Raising the most while doing the least damage: Robert Chote looks at some tax choices for the Chancellor in the Green Budget

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If Kenneth Clarke decides on further action to reduce the Government's borrowing requirement in next month's Budget he will have to opt for higher taxes rather than public spending cuts, according to the Green Budget published yesterday by Goldman Sachs and the Institute for Fiscal Studies.

The Green Budget's warning that 'public spending targets for years beyond 1994-95 are already so low as to make it unlikely that they will be achieved' will come as a disappointment to Tory right-wingers.

It shifts the debate on to the choice between different types of tax increase - which will raise most revenue while doing least damage to the recovery, to inflation and to incentives for workers and companies?

Possible tax changes identified in the Green Budget include:

Income Tax

The March Budget included measures to raise an extra pounds 2.74bn from income tax by 1995-96, most of which have yet to take effect. But Mr Clarke may opt not to increase tax allowances and tax bands in line with inflation, which would raise an extra pounds 560m next year.

He might also restrict allowances - the income on which tax does not have to be paid - to the lowest 20 per cent rate of tax, so they are no longer worth more to the 19.6 million people who pay tax at the basic or higher rates. This would raise more than pounds 5bn and is consistent with the March change to the married couple's allowance. Some revenue could be handed back by moving more taxpayers from the basic to the lower rate band.

The Miras system means that mortgage-holders can offset interest payments against the income on which they have to pay tax, reducing the yield of income tax by pounds 4.3bn this year. This could be reduced, but the Chancellor may shy away because of the fragility of the housing market. Tax relief on pension contributions and profit- related pay could also be cut.

Excise duties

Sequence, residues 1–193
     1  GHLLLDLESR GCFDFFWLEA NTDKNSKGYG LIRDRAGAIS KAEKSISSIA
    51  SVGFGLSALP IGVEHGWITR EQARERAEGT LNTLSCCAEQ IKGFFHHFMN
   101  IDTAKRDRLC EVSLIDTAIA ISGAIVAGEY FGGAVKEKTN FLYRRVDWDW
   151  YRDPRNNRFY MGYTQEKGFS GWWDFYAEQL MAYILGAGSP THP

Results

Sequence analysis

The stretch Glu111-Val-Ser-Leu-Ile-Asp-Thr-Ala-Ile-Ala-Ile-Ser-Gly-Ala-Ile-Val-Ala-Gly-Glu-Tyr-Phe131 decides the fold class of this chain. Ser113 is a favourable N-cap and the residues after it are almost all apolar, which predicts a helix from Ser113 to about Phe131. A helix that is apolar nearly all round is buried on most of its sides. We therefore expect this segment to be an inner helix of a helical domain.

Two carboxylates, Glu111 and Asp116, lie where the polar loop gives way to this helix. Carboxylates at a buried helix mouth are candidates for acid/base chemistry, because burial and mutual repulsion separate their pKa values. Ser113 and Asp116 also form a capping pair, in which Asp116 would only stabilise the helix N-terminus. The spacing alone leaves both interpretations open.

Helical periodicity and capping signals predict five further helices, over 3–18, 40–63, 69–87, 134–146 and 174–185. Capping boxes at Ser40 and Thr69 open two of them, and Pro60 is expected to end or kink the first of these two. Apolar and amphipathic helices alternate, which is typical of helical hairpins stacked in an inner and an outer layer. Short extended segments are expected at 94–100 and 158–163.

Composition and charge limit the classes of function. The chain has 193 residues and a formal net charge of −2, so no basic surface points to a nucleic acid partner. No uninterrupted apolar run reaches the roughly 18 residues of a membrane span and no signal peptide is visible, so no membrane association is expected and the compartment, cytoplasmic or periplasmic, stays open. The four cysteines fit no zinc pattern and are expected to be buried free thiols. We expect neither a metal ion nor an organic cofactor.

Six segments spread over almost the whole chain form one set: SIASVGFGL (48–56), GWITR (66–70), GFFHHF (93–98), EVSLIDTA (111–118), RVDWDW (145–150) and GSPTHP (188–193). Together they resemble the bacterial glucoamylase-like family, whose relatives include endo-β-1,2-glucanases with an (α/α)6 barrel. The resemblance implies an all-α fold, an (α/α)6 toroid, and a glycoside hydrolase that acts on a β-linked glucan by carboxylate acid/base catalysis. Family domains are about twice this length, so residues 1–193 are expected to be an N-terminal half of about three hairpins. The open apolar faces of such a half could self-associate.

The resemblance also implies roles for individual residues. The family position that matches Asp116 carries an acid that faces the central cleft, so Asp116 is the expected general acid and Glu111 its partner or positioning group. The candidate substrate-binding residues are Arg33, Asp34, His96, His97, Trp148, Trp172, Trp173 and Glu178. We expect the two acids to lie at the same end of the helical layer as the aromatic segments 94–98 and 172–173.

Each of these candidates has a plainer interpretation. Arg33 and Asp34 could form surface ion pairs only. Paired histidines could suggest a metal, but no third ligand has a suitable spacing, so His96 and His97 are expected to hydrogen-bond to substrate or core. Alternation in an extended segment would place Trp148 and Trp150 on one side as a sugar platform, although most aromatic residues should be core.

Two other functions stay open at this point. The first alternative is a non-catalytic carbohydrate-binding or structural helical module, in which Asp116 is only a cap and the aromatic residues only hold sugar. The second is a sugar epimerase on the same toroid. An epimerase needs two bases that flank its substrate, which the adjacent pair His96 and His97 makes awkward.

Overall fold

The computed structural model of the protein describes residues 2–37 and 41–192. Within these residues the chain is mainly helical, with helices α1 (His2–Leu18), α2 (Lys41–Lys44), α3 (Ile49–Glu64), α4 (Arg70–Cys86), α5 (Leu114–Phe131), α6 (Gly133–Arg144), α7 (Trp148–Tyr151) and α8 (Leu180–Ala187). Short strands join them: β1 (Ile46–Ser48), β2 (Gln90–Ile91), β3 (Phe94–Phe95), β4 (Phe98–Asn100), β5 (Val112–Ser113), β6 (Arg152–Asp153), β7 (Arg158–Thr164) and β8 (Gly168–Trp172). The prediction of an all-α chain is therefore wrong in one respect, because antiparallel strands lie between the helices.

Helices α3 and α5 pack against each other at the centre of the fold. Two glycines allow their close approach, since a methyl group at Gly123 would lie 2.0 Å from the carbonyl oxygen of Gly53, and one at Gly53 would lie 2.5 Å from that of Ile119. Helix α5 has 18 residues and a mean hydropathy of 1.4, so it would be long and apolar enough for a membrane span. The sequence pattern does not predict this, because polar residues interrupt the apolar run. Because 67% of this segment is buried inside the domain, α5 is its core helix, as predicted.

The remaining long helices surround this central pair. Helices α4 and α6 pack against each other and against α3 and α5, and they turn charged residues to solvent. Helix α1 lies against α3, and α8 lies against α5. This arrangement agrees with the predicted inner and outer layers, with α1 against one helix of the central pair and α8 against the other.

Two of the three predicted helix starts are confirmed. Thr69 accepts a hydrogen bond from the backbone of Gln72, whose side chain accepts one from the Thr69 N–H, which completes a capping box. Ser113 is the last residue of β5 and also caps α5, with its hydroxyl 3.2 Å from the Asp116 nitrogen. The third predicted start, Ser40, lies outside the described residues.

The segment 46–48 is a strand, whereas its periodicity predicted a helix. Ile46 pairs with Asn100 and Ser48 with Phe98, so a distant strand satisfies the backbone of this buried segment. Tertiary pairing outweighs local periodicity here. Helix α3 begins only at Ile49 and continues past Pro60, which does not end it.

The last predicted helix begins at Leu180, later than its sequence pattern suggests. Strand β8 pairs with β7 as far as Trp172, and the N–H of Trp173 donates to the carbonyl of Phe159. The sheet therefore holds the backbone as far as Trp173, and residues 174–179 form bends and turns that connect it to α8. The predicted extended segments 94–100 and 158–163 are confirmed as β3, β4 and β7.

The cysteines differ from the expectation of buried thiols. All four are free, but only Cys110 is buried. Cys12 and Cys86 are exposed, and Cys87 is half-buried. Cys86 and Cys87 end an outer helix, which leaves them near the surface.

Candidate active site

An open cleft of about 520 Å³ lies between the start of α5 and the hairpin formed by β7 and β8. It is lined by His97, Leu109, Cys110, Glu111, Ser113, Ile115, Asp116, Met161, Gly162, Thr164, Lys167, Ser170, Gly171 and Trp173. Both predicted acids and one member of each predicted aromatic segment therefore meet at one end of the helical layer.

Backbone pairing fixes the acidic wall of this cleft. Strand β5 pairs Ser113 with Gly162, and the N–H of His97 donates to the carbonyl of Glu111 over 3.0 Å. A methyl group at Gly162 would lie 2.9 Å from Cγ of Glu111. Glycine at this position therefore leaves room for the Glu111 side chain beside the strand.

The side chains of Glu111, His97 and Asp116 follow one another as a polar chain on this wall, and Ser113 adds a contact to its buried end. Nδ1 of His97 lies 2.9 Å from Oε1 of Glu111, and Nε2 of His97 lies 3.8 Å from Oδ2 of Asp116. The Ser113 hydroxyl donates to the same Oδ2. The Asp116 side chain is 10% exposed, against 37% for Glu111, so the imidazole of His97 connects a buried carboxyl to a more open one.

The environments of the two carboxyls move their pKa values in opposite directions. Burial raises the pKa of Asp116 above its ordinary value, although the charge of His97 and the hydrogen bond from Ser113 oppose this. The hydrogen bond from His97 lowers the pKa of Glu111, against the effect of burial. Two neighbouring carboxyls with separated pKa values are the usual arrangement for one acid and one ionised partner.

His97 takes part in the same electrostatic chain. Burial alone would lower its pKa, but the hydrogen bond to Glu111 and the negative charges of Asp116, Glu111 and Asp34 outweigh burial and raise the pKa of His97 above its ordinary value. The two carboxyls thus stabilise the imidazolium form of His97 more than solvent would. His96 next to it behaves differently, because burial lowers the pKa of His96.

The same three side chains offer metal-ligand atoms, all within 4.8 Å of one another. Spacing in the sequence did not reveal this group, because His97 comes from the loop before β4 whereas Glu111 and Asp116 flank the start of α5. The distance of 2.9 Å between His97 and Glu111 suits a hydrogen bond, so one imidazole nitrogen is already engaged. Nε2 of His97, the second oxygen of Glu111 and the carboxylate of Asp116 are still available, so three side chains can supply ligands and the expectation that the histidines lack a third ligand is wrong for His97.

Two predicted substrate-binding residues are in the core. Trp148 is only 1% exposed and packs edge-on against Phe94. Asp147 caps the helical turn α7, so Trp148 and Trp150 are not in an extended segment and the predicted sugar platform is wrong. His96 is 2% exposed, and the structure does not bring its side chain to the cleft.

Petrol duties are already to be raised 3 per cent more than inflation. It would cost pounds 500m to offset the pressure on prices by failing to raise other excise duties in line with inflation. Over-indexing would raise revenue but fuel inflation.

Value-added tax

Raising the rate of VAT from 17.5 to 18.5 per cent would raise pounds 1.7bn next year and pounds 2.4bn a year thereafter. But extending the scope of VAT is more likely, although it would still put upward pressure on inflation. VAT on newspapers and books would raise pounds 1bn, on passenger transport pounds 2.3bn, on food pounds 7bn and on water and sewerage pounds 500m.

Extending VAT hits the poor harder than the rich because they are more likely to buy zero-rated goods, so some revenue would have to be used to compensate the less well-off as the Government has already promised to do for the extension of VAT to domestic fuel.

Taxes on companies

Some pounds 3bn could be raised by abolishing the tax refund on ordinary dividends paid to pension funds, although this would hit pension fund returns. This would help to eliminate the problem of surplus advance corporation tax, which critics argue creates a bias against overseas investment, encourages companies to move their research and administrative centres abroad and encourages wasteful acquisitions.

Companies pay ACT on all dividends, which they can generally credit against tax due on their profits. But overseas profits mean some companies pay more in dividends than they earn in UK profits, so they cannot claim a full refund.

Environmental taxes

Charging drivers to use certain roads could cut congestion and raise revenue. The Department of Transport has estimated that pounds 250m- pounds 700m could be raised by charging for motorway use.

Charging a pounds 5-a-tonne levy on disposal of waste in landfill sites could raise around pounds 650m, raising funds to deal with the environmental damage such sites cause.